5) Acceptability - How both the players and facility management perceive your ability must be a consideration here.
    Do you have a good rapport with the players? Are you aware that each facility’s management, for any of a number of reasons, has asked me not to schedule certain referees?
    This makes it more difficult to give you games as a result.
    6) Seniority - How long have you been refereeing Indoor, certain referees have been doing games in certain facilities for many years, experience goes a long way.

    The bottom line is this –– there are many factors that go into assigning games each week.
    I suggest you think about why you might not be getting the number of assignments you might like before bothering me with your complaints.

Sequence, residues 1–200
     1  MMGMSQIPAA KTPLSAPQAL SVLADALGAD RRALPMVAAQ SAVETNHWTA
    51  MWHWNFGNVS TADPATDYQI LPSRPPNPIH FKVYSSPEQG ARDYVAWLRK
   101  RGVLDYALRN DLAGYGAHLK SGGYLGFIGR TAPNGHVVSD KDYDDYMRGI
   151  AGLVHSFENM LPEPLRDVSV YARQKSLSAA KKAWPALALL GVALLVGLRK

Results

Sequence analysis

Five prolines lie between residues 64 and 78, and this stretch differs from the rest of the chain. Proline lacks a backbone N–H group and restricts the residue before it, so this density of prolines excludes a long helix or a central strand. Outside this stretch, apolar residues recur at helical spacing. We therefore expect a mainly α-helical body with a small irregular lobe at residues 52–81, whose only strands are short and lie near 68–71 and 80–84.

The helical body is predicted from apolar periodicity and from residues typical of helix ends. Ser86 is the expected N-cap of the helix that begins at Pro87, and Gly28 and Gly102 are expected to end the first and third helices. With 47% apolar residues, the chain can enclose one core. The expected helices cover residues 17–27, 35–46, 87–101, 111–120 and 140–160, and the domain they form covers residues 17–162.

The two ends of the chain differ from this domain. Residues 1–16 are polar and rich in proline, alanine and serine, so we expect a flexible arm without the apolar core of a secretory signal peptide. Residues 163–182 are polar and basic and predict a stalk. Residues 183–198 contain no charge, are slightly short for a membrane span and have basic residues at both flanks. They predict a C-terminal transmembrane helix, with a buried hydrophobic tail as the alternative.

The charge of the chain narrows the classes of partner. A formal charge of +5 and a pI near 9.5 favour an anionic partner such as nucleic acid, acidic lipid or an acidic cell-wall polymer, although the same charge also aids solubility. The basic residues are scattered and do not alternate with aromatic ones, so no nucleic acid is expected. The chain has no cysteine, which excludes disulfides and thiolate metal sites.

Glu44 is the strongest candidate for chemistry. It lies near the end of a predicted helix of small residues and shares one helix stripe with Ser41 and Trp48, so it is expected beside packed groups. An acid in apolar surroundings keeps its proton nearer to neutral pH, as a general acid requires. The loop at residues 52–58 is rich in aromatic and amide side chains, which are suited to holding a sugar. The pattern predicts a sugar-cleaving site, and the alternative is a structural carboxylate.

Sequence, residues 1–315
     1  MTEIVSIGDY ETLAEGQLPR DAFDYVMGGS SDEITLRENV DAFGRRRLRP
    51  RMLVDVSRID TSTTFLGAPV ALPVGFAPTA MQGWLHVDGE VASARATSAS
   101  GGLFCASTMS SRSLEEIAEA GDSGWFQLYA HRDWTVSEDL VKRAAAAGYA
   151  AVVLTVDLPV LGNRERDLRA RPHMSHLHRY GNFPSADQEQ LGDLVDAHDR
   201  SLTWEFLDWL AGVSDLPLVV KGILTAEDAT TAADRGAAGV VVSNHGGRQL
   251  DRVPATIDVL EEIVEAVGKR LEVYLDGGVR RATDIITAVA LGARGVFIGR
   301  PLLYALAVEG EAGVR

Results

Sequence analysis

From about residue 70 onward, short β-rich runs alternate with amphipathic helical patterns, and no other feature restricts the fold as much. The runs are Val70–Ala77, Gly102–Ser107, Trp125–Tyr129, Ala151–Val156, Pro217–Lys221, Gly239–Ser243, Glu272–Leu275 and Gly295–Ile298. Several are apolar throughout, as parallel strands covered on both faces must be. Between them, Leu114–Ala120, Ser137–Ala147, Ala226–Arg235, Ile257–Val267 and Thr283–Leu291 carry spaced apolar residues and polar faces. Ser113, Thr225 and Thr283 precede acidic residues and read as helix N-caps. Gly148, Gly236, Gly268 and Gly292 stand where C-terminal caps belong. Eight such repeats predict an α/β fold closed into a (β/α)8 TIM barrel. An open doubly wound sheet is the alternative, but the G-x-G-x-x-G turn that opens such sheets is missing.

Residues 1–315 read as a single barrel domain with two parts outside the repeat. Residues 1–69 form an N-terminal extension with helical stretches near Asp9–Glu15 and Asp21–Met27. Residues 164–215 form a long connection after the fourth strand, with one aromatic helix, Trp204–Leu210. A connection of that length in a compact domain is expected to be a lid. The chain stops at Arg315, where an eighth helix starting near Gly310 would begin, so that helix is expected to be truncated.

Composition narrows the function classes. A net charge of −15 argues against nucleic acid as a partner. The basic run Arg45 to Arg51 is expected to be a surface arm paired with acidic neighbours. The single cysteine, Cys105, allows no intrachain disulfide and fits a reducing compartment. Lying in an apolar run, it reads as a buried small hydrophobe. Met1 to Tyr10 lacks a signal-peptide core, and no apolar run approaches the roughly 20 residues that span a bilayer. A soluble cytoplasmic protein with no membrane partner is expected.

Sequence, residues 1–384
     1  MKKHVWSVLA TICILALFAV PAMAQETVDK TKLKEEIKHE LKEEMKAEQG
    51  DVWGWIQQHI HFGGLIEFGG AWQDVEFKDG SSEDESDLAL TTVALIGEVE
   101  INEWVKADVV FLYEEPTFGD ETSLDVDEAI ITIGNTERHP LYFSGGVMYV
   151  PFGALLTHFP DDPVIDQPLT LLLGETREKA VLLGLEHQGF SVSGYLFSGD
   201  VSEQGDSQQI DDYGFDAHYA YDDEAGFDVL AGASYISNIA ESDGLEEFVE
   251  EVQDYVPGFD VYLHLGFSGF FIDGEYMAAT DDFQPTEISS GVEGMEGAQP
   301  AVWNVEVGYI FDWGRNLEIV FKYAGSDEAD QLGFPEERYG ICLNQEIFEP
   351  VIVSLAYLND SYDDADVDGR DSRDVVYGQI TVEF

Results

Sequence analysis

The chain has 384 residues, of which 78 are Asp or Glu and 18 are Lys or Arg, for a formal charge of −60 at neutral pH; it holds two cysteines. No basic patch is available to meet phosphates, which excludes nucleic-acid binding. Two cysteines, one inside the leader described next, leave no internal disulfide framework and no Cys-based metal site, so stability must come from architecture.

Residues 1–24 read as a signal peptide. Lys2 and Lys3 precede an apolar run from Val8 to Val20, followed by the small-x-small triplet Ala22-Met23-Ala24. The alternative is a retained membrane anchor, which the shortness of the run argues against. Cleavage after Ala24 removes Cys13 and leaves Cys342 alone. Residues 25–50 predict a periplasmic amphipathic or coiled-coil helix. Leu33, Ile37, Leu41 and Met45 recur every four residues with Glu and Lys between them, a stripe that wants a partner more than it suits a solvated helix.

The answer probably lays somewhere in those six factors listed above. All referees are required to check in with the facility 10 to 15 minutes before there first game,
    This comes under the Reliability above.
     
    IASocFan repped this.
  2. seattlebeach

    seattlebeach Member

    AFC Richmond
    May 11, 2015
    Not Seattle, Not Beach
    I'm not sure what you're posting this for - were you asking for feedback? The sentence I've quoted is a little sharp, but it's certainly in line with the tone I've read from other assignors, and it smacks of a bit of burnout/a point where growing people has taken second fiddle. It happens.

    The rest of it seems like the blunt hammer of honesty.
     
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  3. kayakhorn

    kayakhorn Member+

    Oct 10, 2011
    Arkansas